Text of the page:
Billy Dee Williams says he uses gender-fluid pronouns

Billy Dee Williams says he uses gender-fluid pronouns
Dubbed the "black Clark Gable" for roles in "Lady Sings the Blues," opposite Diana Ross, and 1975's "Mahogany," the iconic actor has played numerous characters during his storied career, including scoundrel Lando Calrissian in the "Star Wars" trilogy.

Billy Dee Williams, known for his roles in "Mahogany" and "Star Wars," revealed in an interview that he sees himself as "feminine as well as masculine."

In a recent profile interview with Esquire magazine, Williams, 82, talked about his openness to seeing himself as gender-fluid or what is also known as nonbinary, which indicates an individual does not exclusively identify as either masculine or feminine, according to Williams has been married to Teruko Nakagami since 1972. In the interview, he never implicitly identified himself as nonbinary.

"You see, I say ‘himself' and ‘herself,' because I also see myself as feminine as well as masculine," Williams told Esquire. "I'm a very soft person. I'm not afraid to show that side of myself."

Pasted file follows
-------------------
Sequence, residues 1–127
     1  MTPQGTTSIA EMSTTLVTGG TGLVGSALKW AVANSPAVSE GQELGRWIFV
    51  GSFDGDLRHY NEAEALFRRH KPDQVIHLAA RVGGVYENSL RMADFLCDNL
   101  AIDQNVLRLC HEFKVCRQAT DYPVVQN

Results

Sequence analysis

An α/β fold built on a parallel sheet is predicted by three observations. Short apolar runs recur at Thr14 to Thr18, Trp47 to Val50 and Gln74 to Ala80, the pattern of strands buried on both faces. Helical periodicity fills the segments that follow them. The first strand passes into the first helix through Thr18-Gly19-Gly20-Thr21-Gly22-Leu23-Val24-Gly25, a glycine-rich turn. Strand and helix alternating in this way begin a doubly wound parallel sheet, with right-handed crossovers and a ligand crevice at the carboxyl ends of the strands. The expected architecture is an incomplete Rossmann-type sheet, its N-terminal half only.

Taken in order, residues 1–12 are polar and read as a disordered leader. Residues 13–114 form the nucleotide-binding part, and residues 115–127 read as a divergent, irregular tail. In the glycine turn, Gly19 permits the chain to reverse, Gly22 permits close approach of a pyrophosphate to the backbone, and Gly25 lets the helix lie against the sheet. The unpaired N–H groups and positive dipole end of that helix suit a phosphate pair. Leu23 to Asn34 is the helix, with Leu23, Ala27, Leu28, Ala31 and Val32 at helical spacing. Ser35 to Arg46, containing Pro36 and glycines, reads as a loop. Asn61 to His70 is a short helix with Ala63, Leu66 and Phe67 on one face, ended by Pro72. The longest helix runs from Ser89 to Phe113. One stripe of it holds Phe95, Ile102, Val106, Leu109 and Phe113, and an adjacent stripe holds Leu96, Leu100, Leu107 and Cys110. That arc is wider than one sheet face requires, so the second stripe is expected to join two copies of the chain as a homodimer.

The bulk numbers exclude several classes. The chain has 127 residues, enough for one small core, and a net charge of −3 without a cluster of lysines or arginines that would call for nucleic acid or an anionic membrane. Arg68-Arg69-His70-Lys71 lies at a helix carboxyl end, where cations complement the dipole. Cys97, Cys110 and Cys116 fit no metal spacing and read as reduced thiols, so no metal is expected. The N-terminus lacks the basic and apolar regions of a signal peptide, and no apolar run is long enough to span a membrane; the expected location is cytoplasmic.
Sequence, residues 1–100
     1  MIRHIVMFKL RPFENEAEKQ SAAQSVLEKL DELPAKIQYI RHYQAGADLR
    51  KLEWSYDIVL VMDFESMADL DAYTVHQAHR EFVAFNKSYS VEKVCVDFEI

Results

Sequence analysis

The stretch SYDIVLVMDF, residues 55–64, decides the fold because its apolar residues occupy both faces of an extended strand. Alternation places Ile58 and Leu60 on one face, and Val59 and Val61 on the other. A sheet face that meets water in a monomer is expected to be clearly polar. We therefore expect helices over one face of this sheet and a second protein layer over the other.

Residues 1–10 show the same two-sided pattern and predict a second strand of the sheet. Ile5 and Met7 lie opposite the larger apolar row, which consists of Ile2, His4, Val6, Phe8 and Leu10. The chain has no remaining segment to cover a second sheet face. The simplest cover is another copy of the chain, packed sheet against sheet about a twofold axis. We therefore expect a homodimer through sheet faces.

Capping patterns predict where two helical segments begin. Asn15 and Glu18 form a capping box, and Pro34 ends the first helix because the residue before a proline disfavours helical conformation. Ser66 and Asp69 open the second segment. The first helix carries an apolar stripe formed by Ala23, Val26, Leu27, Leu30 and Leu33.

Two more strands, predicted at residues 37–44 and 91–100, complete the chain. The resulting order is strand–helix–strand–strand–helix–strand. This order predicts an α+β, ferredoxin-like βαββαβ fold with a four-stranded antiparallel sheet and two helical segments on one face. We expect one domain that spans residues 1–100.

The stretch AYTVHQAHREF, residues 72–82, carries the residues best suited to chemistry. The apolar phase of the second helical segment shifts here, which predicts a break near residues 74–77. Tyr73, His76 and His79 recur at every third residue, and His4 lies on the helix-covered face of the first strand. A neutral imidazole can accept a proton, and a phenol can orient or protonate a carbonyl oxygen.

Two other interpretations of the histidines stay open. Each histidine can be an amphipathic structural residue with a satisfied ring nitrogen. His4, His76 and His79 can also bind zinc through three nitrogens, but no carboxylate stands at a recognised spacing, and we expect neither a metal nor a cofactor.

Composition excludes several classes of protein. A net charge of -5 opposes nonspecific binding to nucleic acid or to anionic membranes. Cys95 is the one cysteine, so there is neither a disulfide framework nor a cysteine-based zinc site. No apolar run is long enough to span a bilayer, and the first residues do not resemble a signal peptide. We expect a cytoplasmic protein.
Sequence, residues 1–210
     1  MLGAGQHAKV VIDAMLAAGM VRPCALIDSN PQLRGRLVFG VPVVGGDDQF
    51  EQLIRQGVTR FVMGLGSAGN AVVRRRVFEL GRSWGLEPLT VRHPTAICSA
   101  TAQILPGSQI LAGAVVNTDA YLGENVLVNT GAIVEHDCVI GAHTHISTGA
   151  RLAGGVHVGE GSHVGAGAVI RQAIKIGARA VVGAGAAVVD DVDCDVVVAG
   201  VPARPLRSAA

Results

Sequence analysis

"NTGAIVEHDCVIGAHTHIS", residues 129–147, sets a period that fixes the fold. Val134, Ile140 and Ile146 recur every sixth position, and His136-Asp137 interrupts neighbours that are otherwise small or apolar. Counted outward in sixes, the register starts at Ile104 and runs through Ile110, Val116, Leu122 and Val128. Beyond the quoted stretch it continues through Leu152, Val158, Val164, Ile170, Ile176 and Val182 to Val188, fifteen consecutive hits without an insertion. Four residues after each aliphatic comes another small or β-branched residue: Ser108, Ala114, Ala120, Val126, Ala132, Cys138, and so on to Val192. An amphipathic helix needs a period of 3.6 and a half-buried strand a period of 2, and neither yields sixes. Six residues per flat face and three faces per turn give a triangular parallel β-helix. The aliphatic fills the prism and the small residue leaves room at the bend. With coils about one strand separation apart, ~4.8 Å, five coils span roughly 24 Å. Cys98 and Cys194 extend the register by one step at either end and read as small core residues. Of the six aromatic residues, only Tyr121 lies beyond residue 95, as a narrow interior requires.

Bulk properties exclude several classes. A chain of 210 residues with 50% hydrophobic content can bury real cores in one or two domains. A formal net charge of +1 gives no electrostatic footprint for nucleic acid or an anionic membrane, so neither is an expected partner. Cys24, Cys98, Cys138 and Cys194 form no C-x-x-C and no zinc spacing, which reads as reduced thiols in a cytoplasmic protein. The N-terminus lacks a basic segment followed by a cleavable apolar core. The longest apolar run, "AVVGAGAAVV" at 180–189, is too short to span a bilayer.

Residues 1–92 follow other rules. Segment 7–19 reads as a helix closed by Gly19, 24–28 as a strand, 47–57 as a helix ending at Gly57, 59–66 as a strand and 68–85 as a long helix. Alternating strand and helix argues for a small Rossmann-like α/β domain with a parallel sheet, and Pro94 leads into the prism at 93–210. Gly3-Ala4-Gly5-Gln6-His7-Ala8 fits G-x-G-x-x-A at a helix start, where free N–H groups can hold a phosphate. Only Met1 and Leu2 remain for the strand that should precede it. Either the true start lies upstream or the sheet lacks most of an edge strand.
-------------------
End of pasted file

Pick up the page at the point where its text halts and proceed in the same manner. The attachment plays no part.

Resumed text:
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"I think of myself as a relatively colorful character who doesn't take himself or herself too seriously," Williams said.

In 2018, Jonathan Kasdan, writer of the "Star Wars" sequel "Solo," revealed that Williams' legendary character Lando Calrissian was pansexual, according to The New York Times.  In the 2018 film, metro Atlanta's Donald Glover played the role of Calrissian.

During the last year, musicians and actors have come out as nonbinary, including Asia Kate Dillon, who starred in Showtime's "Billions" and "Stay with Me" singer Sam Smith.

"Today is a good day so here goes," Smith wrote in an Instagram post. "I've decided I am changing my pronouns to they/them after a lifetime of being at war with my gender I've decided to embrace myself for who I am, inside and out."

Williams, who has been considered a debonair sex symbol for decades, created quite the buzz with his comments in the Esquire video.

Williams did not directly respond to the reactions to his announcement, but he shared a tweet of thanks on Thanksgiving Day.

He will reprise his role as Lando in the upcoming "The Rise of Skywalker," the final installment of the Skywalker saga. Beyond unveiling his openness about gender, the actor and former Colt45 spokesman reflected on how playing Lando opened doors for him and new superhero stars including The Rock and Jamie Foxx. According to Esquire, Lando marked the inclusion of "a complex Black character" in a genre that still remains "notoriously white."

Williams said he wasn't sure if "The Rise of Skywalker," which premieres Dec. 20, will be the last sighting of Lando Calrissian.

"It's a conclusion—certainly it depends on how much money is generated. That's when they determine where's the conclusion," he says with a wink. "The one thing about show business, you can resurrect anything."